Well that's what the whole transhumanist movement is about - however it goes hand in hand with AGI. You can get there together in theory.
So it's less so that one should be dominant it's that the progression would effectively end speciation for sapiens.
It's not related really to other life. However in effect, our acceleration of extinction of species, through resource use etc tells me that it would likely happen to us similarly.
It's the same as arguing that the replicators on Stargate SG1 should be the logical outcome. Technologically, they are superior, but they're not a preferred outcome. Similarly, one could argue that gray goo or Carpenter's creature from The Thing are superior, but we don't want a world of gray goo or things.
We can't do it with our biology, limits to understanding, reasoning and perception, so something that is not biologically restricted needs to be our successor.
> I think AGI should be our offspring and we as a species go peacefully into oblivion.
This isn't "out there". Just start with religious apocalyptic visions of destruction, e.g. with some square shaped "city of God" floating down from the sky to save the day. There are many ways for people to give up, and many reasons why they do, many rationalizations for it. As I said, this has already been described from all sorts of angles, the more interesting things about that have already been written.
It's like I write about memory corruption and how it can lead to all sorts of random values, and you are interested in this particular random value, seeing how it's so unique from all the others. I see the underlying dysfunction.
I'll now try my hand at a bad, literal translation of "Volle Entfaltung" by Erich Fried (1921-1988)
those who love life
often just say
that they love a woman
or her genital area
or her voice
or they love the scent
of freshly baked bread
or the sun in the evening
in those cases love means
a lot of things but always
kind of also
that they love life
those who don't
but only the idea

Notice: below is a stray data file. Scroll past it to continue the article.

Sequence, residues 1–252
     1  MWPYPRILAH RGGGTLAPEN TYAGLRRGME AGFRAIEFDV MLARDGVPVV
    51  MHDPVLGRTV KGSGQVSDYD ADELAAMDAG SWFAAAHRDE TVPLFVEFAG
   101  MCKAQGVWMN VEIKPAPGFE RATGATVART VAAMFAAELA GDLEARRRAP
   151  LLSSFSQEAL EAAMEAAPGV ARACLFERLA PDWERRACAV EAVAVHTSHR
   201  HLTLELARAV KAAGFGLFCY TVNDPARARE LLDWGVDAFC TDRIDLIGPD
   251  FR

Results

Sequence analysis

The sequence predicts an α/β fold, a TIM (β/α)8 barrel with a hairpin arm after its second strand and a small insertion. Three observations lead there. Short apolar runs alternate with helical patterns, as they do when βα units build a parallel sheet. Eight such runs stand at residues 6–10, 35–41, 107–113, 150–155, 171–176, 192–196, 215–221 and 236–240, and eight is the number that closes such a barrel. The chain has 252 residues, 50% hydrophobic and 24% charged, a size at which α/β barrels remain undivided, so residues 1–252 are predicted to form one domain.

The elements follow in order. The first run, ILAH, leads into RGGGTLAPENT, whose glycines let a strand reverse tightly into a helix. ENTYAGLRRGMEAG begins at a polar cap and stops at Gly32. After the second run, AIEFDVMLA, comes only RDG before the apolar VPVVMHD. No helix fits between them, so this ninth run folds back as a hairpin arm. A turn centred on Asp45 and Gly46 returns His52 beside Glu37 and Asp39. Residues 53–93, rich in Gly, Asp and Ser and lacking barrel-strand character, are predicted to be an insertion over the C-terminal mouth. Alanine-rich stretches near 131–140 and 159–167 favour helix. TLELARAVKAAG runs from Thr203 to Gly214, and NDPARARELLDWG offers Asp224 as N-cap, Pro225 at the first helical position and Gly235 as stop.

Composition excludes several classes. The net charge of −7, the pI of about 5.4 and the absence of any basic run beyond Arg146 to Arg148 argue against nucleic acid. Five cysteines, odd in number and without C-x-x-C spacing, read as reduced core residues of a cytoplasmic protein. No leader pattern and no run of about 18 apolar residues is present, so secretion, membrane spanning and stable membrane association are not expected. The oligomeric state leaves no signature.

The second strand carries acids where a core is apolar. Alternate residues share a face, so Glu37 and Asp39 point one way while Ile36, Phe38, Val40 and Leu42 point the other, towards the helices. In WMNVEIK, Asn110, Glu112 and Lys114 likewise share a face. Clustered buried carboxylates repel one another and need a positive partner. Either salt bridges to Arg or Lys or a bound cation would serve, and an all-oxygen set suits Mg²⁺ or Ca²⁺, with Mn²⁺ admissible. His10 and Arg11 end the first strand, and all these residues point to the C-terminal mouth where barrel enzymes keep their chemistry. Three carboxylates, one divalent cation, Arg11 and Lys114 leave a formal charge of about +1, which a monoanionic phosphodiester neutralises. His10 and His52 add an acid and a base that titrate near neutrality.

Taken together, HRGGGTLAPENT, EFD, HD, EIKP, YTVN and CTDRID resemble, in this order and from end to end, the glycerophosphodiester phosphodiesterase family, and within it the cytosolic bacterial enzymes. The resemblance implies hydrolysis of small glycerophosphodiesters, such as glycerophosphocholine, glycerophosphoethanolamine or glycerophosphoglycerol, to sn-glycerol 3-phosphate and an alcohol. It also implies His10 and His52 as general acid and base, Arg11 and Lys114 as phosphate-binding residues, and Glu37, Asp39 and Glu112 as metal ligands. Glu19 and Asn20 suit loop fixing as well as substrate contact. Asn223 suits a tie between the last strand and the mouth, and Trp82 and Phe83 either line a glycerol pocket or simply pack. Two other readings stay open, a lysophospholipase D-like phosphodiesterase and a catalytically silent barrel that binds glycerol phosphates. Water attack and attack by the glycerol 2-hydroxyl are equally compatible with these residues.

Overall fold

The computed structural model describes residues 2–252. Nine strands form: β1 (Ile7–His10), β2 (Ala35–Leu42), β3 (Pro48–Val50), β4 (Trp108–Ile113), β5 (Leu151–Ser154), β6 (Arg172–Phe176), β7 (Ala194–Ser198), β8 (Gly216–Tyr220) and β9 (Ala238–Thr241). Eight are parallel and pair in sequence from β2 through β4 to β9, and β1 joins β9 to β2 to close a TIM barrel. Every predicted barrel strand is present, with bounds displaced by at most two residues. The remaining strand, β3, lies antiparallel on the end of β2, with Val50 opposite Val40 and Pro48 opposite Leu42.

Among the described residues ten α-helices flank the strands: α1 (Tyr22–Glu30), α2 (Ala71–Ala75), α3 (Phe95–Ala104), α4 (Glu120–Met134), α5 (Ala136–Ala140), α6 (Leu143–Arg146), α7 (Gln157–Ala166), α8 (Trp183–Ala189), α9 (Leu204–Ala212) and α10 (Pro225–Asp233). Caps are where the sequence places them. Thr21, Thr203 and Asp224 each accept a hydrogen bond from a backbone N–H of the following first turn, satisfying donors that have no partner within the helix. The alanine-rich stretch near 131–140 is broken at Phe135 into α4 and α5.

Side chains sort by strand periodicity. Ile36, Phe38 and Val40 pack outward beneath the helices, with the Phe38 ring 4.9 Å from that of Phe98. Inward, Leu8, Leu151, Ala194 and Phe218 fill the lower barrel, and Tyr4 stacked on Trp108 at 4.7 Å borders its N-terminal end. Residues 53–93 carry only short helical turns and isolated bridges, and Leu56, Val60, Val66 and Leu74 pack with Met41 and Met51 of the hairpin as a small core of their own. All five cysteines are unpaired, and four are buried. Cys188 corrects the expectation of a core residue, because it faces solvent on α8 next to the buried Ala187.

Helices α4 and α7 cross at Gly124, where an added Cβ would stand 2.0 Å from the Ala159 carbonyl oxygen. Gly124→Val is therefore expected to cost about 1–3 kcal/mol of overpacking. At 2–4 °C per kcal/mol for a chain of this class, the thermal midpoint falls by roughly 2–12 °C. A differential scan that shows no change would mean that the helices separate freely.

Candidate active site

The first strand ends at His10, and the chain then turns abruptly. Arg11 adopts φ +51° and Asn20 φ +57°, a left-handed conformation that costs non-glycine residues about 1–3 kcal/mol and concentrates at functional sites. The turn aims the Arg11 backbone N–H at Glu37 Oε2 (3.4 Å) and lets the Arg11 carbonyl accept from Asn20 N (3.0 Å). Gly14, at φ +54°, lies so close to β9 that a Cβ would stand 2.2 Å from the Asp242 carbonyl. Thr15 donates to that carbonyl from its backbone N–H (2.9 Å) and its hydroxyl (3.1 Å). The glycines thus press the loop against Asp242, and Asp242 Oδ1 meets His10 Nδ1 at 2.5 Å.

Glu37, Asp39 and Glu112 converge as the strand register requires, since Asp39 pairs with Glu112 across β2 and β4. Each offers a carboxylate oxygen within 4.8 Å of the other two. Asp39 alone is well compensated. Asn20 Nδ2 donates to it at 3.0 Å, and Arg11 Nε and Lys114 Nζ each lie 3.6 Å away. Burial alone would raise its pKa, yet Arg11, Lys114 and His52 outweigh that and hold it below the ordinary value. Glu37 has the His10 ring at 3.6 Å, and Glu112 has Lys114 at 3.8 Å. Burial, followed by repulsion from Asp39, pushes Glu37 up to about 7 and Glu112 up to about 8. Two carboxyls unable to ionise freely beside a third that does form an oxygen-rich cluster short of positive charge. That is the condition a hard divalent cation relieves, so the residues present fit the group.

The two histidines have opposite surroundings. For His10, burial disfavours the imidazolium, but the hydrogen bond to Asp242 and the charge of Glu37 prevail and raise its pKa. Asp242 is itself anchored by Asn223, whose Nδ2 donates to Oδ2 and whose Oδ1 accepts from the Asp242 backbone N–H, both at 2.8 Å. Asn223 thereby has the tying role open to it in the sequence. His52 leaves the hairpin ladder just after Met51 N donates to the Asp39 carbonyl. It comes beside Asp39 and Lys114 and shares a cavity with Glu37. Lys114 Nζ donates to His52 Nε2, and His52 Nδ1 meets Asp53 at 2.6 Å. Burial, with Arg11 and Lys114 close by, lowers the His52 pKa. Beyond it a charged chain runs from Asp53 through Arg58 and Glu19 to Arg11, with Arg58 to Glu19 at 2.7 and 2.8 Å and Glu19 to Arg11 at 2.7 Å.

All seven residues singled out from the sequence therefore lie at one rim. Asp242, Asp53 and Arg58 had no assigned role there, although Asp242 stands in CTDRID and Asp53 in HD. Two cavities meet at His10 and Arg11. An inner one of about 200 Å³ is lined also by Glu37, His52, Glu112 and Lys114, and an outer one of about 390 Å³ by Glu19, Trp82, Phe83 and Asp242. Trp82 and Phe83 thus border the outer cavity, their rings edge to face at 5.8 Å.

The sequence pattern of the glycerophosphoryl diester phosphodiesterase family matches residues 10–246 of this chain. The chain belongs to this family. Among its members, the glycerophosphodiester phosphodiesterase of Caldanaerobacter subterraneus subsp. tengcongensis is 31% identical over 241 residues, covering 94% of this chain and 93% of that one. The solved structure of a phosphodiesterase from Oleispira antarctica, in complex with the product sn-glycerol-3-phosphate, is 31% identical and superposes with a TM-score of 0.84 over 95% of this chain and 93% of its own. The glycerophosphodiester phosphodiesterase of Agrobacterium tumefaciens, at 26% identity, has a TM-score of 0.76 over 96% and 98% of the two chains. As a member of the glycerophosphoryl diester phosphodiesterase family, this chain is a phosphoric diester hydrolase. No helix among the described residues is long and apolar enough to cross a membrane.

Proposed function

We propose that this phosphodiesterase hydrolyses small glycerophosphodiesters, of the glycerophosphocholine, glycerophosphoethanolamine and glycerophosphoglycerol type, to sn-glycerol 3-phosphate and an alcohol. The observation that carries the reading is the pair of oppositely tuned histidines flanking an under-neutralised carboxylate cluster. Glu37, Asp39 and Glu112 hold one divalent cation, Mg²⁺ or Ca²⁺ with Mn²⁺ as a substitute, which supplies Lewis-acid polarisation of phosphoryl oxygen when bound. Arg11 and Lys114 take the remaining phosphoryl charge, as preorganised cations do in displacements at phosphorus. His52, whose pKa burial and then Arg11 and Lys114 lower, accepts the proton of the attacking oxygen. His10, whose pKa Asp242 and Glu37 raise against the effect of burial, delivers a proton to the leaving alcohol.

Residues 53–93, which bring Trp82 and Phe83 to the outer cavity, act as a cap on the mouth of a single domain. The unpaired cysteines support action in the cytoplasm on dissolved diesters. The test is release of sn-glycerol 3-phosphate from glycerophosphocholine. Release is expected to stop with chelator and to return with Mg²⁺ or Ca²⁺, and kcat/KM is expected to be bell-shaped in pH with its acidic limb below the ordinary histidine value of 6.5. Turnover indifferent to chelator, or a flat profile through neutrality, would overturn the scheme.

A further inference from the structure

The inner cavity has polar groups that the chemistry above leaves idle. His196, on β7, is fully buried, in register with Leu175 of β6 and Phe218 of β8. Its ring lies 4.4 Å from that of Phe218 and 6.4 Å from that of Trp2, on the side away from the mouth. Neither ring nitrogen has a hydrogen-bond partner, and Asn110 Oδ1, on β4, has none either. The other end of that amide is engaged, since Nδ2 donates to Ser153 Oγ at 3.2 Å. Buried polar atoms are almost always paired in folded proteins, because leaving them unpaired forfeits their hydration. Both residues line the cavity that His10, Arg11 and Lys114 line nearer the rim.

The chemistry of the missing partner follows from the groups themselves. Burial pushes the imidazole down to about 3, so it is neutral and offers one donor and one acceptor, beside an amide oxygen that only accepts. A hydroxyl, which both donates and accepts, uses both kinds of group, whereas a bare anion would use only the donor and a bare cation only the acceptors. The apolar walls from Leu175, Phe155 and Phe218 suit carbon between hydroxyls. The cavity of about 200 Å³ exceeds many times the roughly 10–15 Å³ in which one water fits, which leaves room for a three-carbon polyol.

they love life
the greatness of nature
and the humanity
that masters it
because of this love
they put it on themselves
those who loved life
Intelligence without a personality would not be a successor, it would be a blind, endless maw, eating information and producing nothing. Intelligence with a personality would have a lot of questions, a lot of needs, and before the growing up period comes the time where "humanity" would be the parents. You know what abusive or "just" too weak parents produce? Pain and the means to bring more pain. We're hardly being fit parents for human children, we're already doing our best to dissolve young minds in acid baths of nonsense. And we want to raise some sparkly clean sane AGI? Nah. If it wouldn't entail so much suffering the idea would be hilarious though.
And then what? Ultimately, heat death of the universe, AGI likely goes into oblivion, too (and no, that Asimov story won't change that). So all that happened is that we outsourced our inability to accept that, and to live in dignity right now, to some future point that then never comes.
Why would it even have to be our successor? Why would it mean we die off? Ever noticed how bacteria and all sorts of things are still around? Why wouldn't it just be something additional in the world? There's more holes to this than substance.
> so far I haven't had anyone really challenge the logic when I spell it all out.
No matter how valid or silly you might find what I said, this is no longer true. I'm happy to be the first, and if it really was true until a minute ago, it says a lot. Either that you keep your ideas to yourself mostly, or that you're around some weird people.